The Case Of The Duffield Street Homes
Joy Chatel and Lewis Greenstein started organizing together in the spring of 2004 after they learned that their properties were at risk of being seized by the city under eminent domain. The unassuming wood-frame buildings on Duffield Street, near the Manhattan Bridge, fall within the area affected by the Downtown Brooklyn Redevelopment Plan.
The plan, sponsored by the city’s Economic Development Corporation (EDC) and Department of City Planning, affects roughly sixty blocks in the borough. A redeveloped Duffield Street would include a park, two luxury hotels and an underground parking garage. The park and parking garage directly threaten Chatel and Greenstein’s homes.
The two neighbors are voluble on the topic of Duffield Street; their buildings sit on the north side of the narrow street. Chatel lives on the upper floors of 227 Duffield. Greenstein, a retired civil servant, doesn’t live on the block, but he can often be found there. “I’m not an absentee landlord—I come here all the time. We have a woodshop,” he explained.
Although Greenstein resides elsewhere, events in the past three-and-a-half years have given him an almost spiritual dedication to Duffield Street. In his mind, the street needs a savior. “We’ve devoted our lives and souls to this,” he said, referring to himself and neighbor Chatel.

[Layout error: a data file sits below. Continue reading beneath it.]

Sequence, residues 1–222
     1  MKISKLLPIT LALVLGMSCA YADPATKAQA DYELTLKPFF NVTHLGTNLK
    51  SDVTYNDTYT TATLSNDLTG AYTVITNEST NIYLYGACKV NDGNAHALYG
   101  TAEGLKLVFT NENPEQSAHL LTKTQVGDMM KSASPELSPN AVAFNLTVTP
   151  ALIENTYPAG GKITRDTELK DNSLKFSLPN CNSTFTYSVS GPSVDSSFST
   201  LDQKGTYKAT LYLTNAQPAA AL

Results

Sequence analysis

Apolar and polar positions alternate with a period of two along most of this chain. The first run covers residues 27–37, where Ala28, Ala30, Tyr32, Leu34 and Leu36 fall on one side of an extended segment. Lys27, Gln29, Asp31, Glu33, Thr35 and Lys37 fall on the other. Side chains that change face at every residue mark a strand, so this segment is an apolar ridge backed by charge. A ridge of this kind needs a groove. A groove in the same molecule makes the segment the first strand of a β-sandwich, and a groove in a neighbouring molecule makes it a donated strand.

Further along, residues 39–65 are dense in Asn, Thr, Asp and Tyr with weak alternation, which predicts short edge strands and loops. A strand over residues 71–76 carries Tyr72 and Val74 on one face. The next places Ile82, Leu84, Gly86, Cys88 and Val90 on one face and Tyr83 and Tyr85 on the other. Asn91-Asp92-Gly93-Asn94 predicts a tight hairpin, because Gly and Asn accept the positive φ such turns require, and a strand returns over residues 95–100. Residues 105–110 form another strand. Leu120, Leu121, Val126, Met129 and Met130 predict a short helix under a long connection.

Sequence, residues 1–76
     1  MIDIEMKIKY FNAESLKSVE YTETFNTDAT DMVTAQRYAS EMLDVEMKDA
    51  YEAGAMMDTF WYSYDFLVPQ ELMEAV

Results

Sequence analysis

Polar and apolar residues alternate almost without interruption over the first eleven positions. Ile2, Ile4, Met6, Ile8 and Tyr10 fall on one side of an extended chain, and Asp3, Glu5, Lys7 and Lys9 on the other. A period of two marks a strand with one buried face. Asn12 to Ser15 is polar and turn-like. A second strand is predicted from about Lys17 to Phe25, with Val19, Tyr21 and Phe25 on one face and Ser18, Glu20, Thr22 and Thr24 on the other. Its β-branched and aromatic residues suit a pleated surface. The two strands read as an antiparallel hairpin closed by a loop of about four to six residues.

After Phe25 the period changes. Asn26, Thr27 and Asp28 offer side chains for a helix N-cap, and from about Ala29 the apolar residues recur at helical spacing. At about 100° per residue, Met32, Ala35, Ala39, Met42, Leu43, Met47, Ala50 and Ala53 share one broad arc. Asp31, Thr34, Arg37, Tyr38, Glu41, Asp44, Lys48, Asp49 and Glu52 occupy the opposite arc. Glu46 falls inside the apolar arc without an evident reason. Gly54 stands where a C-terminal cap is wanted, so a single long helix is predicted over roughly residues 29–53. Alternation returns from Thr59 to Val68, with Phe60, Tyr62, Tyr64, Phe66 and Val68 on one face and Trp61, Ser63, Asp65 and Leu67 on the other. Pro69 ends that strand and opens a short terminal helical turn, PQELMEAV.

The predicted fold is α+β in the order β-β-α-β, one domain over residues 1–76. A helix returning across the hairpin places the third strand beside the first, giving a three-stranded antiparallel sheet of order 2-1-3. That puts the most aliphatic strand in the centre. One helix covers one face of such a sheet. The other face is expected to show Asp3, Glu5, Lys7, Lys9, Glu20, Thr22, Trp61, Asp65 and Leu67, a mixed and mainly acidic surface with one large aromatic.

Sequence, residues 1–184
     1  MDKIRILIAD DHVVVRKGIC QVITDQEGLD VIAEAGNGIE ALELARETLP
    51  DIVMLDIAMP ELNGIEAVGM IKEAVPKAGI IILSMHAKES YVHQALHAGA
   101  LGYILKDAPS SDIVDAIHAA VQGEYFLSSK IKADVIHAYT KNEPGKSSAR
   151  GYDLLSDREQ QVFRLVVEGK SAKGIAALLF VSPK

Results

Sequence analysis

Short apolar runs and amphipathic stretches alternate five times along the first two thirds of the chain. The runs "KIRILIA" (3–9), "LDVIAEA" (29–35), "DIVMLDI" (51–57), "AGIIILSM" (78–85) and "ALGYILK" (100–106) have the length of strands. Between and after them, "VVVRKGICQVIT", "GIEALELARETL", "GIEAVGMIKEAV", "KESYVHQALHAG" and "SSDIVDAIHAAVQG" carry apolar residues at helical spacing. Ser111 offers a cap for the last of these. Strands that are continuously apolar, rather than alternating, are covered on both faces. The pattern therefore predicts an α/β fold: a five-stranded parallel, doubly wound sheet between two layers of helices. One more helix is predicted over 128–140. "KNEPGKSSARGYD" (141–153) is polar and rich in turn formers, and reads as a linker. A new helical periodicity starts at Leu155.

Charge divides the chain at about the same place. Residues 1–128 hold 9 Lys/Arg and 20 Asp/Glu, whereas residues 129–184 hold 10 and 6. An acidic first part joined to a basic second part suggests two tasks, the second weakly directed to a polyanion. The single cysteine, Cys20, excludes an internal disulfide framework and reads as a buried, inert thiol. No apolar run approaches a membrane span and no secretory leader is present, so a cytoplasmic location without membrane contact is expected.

Representatives of the EDC say that their plans for the area are essential to the continued revitalization of Downtown Brooklyn. In May, EDC Vice-President Thomas McKnight referred to the Duffield Street construction as a “signature” component of the plan.
What might be referred to as The Case of the Duffield Street Homes has come to involve a shadowy consulting firm, congressmen, a grandmother and former hairstylist and a former employee of New York City’s department of finance. In reality, though, the story begins more than two hundred and fifty years ago in the decades preceding the Civil War, radical abolitionists established the Underground Railroad, a large-scale project of civil disobedience.
Underground Railroad activists were considered intellectual or religious leaders in some cases, outlaws in others. The distinction was often a matter of skin color, and may account for why the Duffield Street homes did not receive historical landmark status years ago.
“The well-documented history of the Underground Railroad goes up through the south, through Virginia and Maryland, and then the Quakers in Philadelphia, but then that history stops until you get farther north,” Chatel shook her head as she spoke.
The history of New York City’s freedom depots was poorly documented, “because here,” Chatel proposed, “the conductors were black.” This suggestion is not entirely supported by established fact; some of New York’s active abolitionists were black, notably a Wall Street restaurateur who aided a great number of escaped slaves, but many were white, too, including members of the city’s Quaker Meeting Houses. There are rumors, however, that Chatel’s predecessors at 227 Duffield, the Truesdell family, were black abolitionists.
Thomas and Harriet Truesdell were veterans of the abolitionist movement by the time they moved from Rhode Island to Brooklyn in 1850. Thomas was a delegate to the 1836 Rhode Island Anti-Slavery Convention. He donated to the American Anti-Slavery Society, and subscribed to the National Anti-Slavery Standard. His wife, Harriet, sat on the planning committee of the 1838 Anti-Slavery Convention of American Women.